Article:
View Full Version : Caltar 165mm 'limited movements' but how limited?

Tobias Key
15-Sep-2010, 03:49
Hello everyone!

I recently purchased a Toyo monorail kit with a Calumet-Ilex 165mm lens. After doing a bit of research I've found out that the image circle is 206mm, thanks to Michael Gudzinowicz's excellent reference page. What I'd like to know is how much lens tilt would this give me before vignetting occurs or if there is an equation that will let me work this out for myself?

Many thanks in advance


Brian Stein
15-Sep-2010, 04:38
hop across to http://www.largeformatphotography.info/lenses/ and download the 4x5 lenses excel spreadsheet. You can then examine the formulae used to calculate tilt etc, or just find a lens with around 206mm coverage and note that you will get around 25 degrees tilt in landscape orientation, and a bit less in portrait.
I am not sure how this helps apart from deciding its quite a bit, which you might have guessed based on the image circle being quite a bit larger than the diagonal if the negative (4x5 being about 150 mm).

Tobias Key
15-Sep-2010, 05:27
Thank you Brian

I'm just really looking for a rule of thumb really as I'm new to LF and have no clue as to what I can get away with. I haven't been able to find a huge amount on the lens but did find a PDF of a 1970 Calumet catalogue, which described the lens as having 'limited movements' whether this means the outer limits of the image circle are ropey and not usable I don't know. But as 4x5" isn't the cheapest thing in the world I don't want to do any testing that's unnecessary.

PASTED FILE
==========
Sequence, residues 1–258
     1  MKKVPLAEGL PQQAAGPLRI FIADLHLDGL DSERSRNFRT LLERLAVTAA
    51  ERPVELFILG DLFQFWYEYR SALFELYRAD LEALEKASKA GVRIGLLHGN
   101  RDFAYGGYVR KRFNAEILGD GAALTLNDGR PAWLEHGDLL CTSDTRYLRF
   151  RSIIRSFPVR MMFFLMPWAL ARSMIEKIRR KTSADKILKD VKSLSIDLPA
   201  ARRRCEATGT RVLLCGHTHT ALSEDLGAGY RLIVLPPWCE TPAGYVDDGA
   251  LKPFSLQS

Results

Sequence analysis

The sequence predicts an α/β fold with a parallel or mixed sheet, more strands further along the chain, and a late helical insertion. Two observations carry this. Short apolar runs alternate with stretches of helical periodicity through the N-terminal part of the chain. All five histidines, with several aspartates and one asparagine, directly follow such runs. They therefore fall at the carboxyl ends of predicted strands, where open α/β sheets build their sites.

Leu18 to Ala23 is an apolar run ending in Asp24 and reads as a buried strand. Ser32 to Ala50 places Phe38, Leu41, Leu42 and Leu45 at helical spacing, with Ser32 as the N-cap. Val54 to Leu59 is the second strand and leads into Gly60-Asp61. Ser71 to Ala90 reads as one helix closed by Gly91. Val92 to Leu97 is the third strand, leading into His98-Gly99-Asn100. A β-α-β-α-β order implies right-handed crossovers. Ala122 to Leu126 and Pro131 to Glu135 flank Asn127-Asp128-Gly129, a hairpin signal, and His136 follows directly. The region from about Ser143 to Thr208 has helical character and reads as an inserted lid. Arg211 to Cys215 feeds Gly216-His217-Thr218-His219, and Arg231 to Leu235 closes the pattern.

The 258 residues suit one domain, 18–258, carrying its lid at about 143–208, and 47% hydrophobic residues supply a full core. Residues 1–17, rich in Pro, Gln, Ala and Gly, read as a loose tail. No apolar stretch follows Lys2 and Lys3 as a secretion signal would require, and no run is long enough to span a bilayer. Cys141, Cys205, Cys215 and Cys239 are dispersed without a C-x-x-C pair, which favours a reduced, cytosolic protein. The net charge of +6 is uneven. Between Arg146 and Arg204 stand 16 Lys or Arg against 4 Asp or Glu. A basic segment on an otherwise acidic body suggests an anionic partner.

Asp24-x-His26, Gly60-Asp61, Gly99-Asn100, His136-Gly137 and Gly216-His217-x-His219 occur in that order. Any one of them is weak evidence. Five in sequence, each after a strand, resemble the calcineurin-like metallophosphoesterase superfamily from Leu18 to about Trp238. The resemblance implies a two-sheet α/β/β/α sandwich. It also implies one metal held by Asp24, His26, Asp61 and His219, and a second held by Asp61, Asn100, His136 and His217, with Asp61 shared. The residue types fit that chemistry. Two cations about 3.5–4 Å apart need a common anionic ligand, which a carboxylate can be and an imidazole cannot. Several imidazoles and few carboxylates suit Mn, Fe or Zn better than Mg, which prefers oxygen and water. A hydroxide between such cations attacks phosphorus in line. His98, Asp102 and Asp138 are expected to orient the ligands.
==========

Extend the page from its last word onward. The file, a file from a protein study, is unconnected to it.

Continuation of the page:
Brian Stein
15-Sep-2010, 06:26
Ok two issues here.
1. mechanical vignetting. most modern lenses (say 1950 onwards) were made to mechanically vignette before running out of circle of illumination at a point the manufacturer decided on. Older lenses vignette by just running out of area they will throw light on.
2. acceptable sharpness. To some extent this depends on what *you* call acceptable, which in turn depends on whether you are enlarging and by how much. For example Schneider tend to have a fairly conservative idea of what sharp is so many of us find their lenses cover "more". If you are contact printing 10 lpm at the edge is plenty, but not if you want 5x enlargement and so on.
Older lenses seem to cover more because there is not the manufacturer induced mechanical vingetting, but you will find the extra may be smoosh....

At the end of the day all of us have to make the call about what we think is "ropey and unusable". In general with a modern lens like your caltar you should have good results until you start stretching the bellows. As a vague milestone for landscape often 5 or 10 degrees tilt is plenty, 20 mm rise and fall will do a lot too: so your lens should do fine.